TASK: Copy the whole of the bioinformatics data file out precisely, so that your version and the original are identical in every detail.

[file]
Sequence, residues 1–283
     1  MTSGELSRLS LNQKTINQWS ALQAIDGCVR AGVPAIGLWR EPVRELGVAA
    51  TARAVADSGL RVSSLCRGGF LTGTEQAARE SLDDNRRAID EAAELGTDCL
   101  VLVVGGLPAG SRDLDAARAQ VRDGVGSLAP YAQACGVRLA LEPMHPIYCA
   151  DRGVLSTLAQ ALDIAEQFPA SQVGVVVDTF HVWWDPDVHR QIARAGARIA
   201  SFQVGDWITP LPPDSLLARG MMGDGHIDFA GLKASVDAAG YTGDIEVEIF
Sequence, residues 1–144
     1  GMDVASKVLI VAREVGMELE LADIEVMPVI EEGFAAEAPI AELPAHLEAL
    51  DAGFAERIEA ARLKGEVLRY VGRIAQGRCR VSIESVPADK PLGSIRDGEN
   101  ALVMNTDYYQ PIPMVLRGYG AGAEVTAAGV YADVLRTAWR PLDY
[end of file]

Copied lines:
Sequence, residues 1–283
     1  MTSGELSRLS LNQKTINQWS ALQAIDGCVR AGVPAIGLWR EPVRELGVAA
    51  TARAVADSGL RVSSLCRGGF LTGTEQAARE SLDDNRRAID EAAELGTDCL
   101  VLVVGGLPAG SRDLDAARAQ VRDGVGSLAP YAQACGVRLA LEPMHPIYCA
   151  DRGVLSTLAQ ALDIAEQFPA SQVGVVVDTF HVWWDPDVHR QIARAGARIA
   201  SFQVGDWITP LPPDSLLARG MMGDGHIDFA GLKASVDAAG YTGDIEVEIF
Sequence, residues 1–144
     1  GMDVASKVLI VAREVGMELE LADIEVMPVI EEGFAAEAPI AELPAHLEAL
    51  DAGFAERIEA ARLKGEVLRY VGRIAQGRCR VSIESVPADK PLGSIRDGEN
   101  ALVMNTDYYQ PIPMVLRGYG AGAEVTAAGV YADVLRTAWR PLDY